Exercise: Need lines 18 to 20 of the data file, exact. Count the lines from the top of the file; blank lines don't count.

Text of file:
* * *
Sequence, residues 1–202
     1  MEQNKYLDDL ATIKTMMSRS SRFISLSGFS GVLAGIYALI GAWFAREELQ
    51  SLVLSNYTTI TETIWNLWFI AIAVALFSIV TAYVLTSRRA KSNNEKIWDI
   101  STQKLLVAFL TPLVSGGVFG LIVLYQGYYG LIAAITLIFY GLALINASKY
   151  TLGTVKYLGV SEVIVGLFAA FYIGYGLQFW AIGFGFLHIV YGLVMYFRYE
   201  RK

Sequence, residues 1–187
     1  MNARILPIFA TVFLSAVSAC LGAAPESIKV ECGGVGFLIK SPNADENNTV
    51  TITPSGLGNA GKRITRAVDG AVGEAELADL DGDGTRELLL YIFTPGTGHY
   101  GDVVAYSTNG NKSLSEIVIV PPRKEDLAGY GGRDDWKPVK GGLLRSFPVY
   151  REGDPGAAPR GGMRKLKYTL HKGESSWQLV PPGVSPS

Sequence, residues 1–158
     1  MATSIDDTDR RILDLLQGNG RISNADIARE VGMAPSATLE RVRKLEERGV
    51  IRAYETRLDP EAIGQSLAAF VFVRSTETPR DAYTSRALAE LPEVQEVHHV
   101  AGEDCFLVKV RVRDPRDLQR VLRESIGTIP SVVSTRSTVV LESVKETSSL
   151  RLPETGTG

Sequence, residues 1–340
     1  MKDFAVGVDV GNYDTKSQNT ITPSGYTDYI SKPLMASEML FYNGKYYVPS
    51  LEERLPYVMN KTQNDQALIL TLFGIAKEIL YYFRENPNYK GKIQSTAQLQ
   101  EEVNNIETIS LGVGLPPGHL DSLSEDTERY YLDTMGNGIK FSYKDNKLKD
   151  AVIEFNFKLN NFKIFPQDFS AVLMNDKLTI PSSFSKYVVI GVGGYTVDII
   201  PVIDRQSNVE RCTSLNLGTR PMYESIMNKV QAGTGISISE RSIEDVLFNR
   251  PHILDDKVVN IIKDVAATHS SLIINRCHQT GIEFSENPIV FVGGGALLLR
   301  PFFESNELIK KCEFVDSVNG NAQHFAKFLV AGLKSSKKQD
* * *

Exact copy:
     1  MKDFAVGVDV GNYDTKSQNT ITPSGYTDYI SKPLMASEML FYNGKYYVPS
    51  LEERLPYVMN KTQNDQALIL TLFGIAKEIL YYFRENPNYK GKIQSTAQLQ
   101  EEVNNIETIS LGVGLPPGHL DSLSEDTERY YLDTMGNGIK FSYKDNKLKD